Thailand’s Securities and Exchange Commission and the Stock Exchange of Thailand (SET) have opened a public hearing period on proposed changes to requirements for IPO securities issuers and other regulations relating to companies listed on the SET and the Market for Alternative Investment (MAI). The proposed changes aim to prevent the use of publicly offered securities to avoid or violate strict regulations on investment management.
During the public hearing period, interested parties may submit comments on the proposed rules until August 18, 2022, with the finished regulations expected to be issued soon after.
Key Proposed Changes to Rules for Securities Issuers
Under the proposed rule adjustments, securities issuers (i.e., operating companies, holding companies, or foreign companies that request a public offering) must not be investment companies, except for companies or subsidiaries undertaking financial institution business (e.g., commercial banks, finance companies, credit foncier companies, securities companies, and life/non-life insurance companies).
“Investment company” refers to a company that has more than 40 percent of its total assets as passive investments in securities, derivatives (excluding for hedging purposes) or digital assets. When considering whether a company that has a subsidiary is classified as an investment company, it will be determined based on the consolidated financial statement. Excluded from such classification are investments for low-risk liquidity management (i.e., bank deposits, government bonds, debt instruments backed by the Ministry of Finance, money market mutual funds, or fixed-income funds); affiliate companies that do not operate as investment companies; subsidiary companies under the same group company; and investments in business networks, synergies, or value chains.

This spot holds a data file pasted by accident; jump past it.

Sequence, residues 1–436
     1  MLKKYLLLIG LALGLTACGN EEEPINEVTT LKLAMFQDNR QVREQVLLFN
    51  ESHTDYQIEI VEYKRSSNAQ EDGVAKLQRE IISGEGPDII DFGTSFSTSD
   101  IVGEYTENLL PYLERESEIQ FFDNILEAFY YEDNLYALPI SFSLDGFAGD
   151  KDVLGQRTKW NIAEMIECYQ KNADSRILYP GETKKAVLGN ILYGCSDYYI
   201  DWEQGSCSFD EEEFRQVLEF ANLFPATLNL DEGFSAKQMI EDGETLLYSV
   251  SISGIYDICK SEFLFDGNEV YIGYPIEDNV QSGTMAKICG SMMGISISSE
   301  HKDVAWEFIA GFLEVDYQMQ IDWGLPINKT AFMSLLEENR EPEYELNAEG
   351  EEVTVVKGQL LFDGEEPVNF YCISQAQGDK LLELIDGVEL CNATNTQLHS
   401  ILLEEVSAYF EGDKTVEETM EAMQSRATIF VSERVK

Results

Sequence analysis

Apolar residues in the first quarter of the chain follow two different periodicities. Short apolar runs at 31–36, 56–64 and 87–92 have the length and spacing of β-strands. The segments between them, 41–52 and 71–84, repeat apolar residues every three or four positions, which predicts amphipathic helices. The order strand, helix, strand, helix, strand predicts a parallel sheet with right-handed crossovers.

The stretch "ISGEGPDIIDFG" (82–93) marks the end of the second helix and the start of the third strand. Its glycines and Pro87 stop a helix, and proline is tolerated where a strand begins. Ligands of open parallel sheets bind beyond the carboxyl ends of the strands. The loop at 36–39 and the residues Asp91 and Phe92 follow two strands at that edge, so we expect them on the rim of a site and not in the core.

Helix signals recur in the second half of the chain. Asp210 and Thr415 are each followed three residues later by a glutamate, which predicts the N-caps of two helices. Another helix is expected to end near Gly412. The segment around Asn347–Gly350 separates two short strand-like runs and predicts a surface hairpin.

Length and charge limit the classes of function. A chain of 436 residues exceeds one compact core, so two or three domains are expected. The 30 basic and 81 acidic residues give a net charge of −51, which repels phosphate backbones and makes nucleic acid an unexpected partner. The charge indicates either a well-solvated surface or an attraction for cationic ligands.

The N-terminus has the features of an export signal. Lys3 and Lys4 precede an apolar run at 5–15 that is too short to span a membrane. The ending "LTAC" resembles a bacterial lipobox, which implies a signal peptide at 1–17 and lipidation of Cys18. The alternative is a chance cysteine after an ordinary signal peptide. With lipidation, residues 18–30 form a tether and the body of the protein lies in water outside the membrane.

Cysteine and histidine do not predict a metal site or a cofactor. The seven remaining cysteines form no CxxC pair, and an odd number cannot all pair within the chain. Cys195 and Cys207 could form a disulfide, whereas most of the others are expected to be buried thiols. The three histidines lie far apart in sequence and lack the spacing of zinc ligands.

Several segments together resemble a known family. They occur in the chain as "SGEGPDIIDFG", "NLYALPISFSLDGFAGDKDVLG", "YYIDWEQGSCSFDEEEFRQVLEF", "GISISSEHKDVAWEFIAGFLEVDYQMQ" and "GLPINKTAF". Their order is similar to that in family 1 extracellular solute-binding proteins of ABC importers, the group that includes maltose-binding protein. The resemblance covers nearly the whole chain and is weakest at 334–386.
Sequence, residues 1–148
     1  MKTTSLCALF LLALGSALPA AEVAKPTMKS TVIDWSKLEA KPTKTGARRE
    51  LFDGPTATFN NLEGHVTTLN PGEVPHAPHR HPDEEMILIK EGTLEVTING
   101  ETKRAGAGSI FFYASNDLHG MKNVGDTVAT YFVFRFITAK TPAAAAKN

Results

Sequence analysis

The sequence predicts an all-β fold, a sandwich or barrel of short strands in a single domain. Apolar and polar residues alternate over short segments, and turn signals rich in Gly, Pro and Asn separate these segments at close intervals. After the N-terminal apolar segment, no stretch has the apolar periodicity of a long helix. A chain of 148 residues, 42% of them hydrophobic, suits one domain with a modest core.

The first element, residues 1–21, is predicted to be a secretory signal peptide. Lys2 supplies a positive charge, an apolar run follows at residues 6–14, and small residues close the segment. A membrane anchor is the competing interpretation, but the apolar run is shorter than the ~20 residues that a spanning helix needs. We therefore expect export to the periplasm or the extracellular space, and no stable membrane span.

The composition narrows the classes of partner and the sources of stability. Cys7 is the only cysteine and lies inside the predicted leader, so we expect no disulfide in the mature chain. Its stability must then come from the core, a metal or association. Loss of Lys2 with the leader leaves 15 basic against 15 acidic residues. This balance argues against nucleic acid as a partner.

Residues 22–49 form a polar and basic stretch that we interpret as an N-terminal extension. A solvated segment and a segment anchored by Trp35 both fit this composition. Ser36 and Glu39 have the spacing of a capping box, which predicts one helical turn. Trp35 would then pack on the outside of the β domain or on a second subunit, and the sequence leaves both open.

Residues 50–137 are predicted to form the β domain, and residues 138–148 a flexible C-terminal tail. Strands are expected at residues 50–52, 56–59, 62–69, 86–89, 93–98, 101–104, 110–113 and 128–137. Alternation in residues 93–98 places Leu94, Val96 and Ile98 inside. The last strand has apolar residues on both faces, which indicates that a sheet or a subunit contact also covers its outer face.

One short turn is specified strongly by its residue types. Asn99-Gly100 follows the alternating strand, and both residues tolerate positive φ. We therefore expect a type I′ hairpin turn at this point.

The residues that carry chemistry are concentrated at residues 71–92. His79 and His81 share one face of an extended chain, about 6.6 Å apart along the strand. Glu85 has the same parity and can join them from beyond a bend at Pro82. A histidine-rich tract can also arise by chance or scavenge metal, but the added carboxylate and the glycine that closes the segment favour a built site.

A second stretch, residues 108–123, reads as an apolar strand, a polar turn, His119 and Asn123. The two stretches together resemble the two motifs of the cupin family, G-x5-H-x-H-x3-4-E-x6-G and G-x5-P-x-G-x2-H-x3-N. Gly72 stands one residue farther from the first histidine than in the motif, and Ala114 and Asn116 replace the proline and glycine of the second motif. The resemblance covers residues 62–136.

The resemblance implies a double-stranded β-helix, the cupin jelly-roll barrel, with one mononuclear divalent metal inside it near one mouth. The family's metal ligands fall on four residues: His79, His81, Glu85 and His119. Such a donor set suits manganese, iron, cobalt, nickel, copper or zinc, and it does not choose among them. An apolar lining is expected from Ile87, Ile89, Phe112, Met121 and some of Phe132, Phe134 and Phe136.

Key Proposed Changes to Rules for Listed Companies
A company with the characteristics of an investment company mentioned above is not allowed to list its securities on the SET or the MAI.
Companies listed on SET and MAI with more than 40 percent of their total assets as passive investments must disclose investment information—such as the investment ratio, investment movements, and profits and losses from investment—in the notes to their financial statements. Such disclosures must be made for any period during which passive investments make up more than 40 percent of the company’s total assets. A listed company with more than 40 percent of its total assets as passive investments cannot increase its passive investment proportion until its passive investment ratio will be lower than the limit.
Listed companies must comply with and maintain the stipulations described above for as long as they remain listed. Failure to do so—or failure to remedy noncompliance within a period specified by the SET—will lead to company securities being marked with a caution or suspension sign, and can ultimately result in the securities being delisted from the SET or the MAI.
The new draft regulations are intended to apply to all listed companies. Existing listed companies that fall within the definition of investment companies before the effective date of the regulations to be issued will have a one-year grace period to comply.
Tilleke & Gibbins will continue to monitor these and other relevant capital markets regulations.
For further information, please contact:
Santhapat Periera, Partner, Tilleke & Gibbins